Personal Finance

NPR: Obama’s Policy Advisors Are “Devotees” of Behavioral Economics

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NPR has a great segment about how many of Obama's policymakers are promoting behavioral economic techniques to encourage individuals to make smart decisions in matters that will affect their health and financial well-being. "The human brain is wired to make serious errors in judgment," which is "not traditionally the way economists have viewed human behavior," says the narrator. But behavioral economics can help steer them straight.

As an example, in Greensboro, NC, teenage mothers are paid $1 a day by the city if they don't get pregnant. That's not a lot of money, but the small incentive is enough to reduce the rate of teenage pregnancy in the town. The cost of the program is, of course, much cheaper than assisting young mothers with new children. (This reward program reminds me of how people will reduce their home electricity bill if they are rewarded with a smiley face on their power bill.) Cass Sunstein, chosen by the President to run the Office of Information and Regulatory Affairs, approves of this program because of the way it uses psychology to help people make decisions that serve their best interests.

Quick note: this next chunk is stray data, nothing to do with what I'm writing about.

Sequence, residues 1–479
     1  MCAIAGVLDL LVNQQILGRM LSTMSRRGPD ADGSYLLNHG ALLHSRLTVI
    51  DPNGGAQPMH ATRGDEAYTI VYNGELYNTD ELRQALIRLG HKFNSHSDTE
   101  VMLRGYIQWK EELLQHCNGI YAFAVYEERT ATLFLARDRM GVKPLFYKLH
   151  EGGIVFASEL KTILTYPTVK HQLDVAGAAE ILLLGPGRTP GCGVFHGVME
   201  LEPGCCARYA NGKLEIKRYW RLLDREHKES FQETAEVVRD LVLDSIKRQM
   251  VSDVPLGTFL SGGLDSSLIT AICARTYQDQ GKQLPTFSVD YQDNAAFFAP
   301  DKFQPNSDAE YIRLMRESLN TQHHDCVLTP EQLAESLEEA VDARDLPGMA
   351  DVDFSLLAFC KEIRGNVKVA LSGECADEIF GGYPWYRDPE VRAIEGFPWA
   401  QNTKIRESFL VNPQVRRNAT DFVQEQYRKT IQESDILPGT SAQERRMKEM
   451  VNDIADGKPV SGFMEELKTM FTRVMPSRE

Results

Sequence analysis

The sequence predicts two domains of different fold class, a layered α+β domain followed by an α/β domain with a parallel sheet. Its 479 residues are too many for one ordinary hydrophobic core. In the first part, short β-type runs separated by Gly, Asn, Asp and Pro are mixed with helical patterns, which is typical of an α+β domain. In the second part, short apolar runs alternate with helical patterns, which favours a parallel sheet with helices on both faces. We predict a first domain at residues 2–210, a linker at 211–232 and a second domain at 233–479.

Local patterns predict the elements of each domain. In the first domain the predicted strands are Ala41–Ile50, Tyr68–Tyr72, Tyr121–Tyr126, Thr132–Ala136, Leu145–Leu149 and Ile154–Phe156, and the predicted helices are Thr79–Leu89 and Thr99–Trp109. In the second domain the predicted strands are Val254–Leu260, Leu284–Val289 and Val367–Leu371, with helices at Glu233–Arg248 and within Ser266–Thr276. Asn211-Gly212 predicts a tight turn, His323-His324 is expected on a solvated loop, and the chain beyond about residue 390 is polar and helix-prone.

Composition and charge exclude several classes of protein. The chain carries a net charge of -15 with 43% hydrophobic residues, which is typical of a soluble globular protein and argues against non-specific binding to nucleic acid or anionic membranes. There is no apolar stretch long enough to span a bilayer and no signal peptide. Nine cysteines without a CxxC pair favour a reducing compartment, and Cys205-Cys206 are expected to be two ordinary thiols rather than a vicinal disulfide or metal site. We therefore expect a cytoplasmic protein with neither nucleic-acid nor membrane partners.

The piece also explores the origins of behavioral economics, which go back to 1955, when Daniel Kahneman was a psychologist in the Israeli army and learned that his test for choosing military officers (seeing which men in a group took charge of a task to lift a telephone pole over a 6-foot wall) didn't work. Data revealed that his test had no correlation at all with how the soldiers actually behaved on the battlefield. Nevertheless, Kahneman's faith in his own judgment was so great that he continued to put soldiers through the test, ignoring the data that showed his test was worthless. Eventually, Kahneman became fascinated by his own "cognitive error" and started studying and cataloging the different ways that people misjudge the world around them. Thus, behavioral economics was born.

Listen to this fascinating NPR segment for more about this intriguing topic.

Mark Frauenfelder – Editor-in-chief of MAKE magazine and the founder of the popular Boing Boing weblog, Mark was an editor at Wired from 1993-1998 and is the founding editor of Wired Online.

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  • OBunny

    This might be a dumb question, but did you mean “teenage mothers are paid $1 a day by the city if they don’t get pregnant AGAIN”?

  • Mel Bent

    ya, how are you a “teenage mother” if you don’t have a kid?

  • River Tam

    You can be a teenage mother without being pregnant at the moment.

  • ran

    $1.00 will not change the mind of someone who wants sex.

  • Max

    No but it will remind them maybe to use a condom.

  • John Galt

    So they get $1 a day to NOT have children.
    thats 31 dollars a month…
    If they get have a child, they get $900/mo in welfare programs…

  • Midnight